Determining Your Pre-Bolus

when all of this new and fancy (and overly priced) fast acting insulin came on the market, i was told that now, instead or having to wait 20 minutes after injecting R insulin before our meal, we could inject and eat right away. wow, was that amazing. this took the cruel planning out of everything. now sitting down at a restaurant could be as easy as pie (yes, that pun is intended).

but, the longer i was on Humolog (and then later, Novolog) i was being told that the insulin actually doesn’t start effecting me until 15 minutes after bolusing. that i was supposed to wait between 5 and 10 minutes after injection and eating my meal. and, i was also told that if i were eating a high carb meal, like oatmeal, i should wait about 20 to 30 minutes after bolusing before sitting down with my spoon and my appetite.

now that we have all these CGMs and multiple finger stick testing around, we can find out the best ways for us to bolus and wait before eating.

i used to be on the Dexcom, and i remember others telling me that they pre-bolused depending on the sensor’s downward trend. that they wouldn’t begin eating until the dex showed their BGs trending downward, meaning, i suppose, that the insulin was alive and fruitful in their system. some people (on another D website) said that they would wait up to an hour after bolusing before eating. personally, i would drop dead if i actually waited that long (unless, of course, my BGs were over 300 ). so all of this new info confused me. i understand pre-bolusing for 1/2 hour if my BGs are very high before a meal, but i know also, that we are all different and have different systems in our different D bodies.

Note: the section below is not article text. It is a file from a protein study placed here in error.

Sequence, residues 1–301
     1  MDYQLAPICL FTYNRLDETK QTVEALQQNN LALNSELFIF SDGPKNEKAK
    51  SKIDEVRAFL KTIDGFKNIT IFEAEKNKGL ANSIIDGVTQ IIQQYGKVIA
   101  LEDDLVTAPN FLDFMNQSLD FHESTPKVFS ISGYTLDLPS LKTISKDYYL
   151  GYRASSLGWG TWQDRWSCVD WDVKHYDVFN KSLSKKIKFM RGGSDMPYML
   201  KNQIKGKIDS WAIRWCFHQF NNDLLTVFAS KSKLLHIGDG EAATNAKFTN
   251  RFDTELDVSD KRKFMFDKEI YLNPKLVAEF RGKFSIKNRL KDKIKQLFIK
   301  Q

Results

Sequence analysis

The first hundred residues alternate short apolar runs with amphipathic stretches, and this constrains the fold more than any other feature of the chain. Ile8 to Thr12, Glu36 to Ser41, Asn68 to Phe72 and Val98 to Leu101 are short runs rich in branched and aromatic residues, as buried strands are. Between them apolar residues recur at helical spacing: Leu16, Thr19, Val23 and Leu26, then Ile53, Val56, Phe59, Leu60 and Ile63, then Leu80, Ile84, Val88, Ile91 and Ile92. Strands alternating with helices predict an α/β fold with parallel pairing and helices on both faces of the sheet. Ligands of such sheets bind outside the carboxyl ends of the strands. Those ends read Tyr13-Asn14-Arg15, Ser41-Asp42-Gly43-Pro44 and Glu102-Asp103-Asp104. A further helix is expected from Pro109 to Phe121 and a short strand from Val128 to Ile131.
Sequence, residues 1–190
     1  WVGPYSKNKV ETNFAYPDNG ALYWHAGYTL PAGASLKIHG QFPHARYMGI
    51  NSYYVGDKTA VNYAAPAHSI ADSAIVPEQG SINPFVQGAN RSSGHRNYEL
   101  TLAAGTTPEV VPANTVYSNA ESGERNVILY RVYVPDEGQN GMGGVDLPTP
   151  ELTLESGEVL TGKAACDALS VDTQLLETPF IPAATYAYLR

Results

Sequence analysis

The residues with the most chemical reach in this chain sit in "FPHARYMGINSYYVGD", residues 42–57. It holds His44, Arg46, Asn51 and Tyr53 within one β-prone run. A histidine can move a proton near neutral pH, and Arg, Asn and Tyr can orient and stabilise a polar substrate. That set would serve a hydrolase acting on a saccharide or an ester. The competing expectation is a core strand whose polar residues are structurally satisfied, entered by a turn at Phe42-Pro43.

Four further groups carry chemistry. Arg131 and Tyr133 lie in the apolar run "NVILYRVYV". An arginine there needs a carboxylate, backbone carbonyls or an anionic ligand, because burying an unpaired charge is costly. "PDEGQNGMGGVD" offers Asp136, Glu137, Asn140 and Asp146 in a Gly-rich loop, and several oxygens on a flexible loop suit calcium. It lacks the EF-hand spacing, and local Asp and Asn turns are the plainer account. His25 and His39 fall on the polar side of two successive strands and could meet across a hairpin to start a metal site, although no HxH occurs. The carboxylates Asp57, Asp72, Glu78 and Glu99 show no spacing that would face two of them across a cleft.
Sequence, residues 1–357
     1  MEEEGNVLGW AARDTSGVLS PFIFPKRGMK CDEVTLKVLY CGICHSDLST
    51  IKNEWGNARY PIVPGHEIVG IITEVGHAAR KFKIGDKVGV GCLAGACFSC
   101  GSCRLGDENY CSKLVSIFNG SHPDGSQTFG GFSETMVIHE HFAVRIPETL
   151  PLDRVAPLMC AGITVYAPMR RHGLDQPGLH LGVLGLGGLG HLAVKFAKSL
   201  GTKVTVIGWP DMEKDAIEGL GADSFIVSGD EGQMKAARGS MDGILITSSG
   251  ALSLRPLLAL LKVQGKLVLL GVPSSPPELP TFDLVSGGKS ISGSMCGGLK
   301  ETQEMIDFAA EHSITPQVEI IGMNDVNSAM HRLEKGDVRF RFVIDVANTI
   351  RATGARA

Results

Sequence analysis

i was curious to know your system. how do you pre-bolus and what are your secrets?

There are always a lot of variables. It’s never always the same length of time. It just depends:

  1. What is your BG?
  2. Which direction is your BG going?
  3. How quickly is your BG moving
  4. How well is your insulin working on that particular day?
  5. How active have you been recently?
  6. What is the meal made up of? Is it spikey foods, or more steady, long-releasing foods?
  7. How safe is it to pre-bolus? Are you at a restaurant with questionable service times? Or are you at home with access to food whenever you may need it?
  8. Is dessert planned for after the meal?
  9. IOB?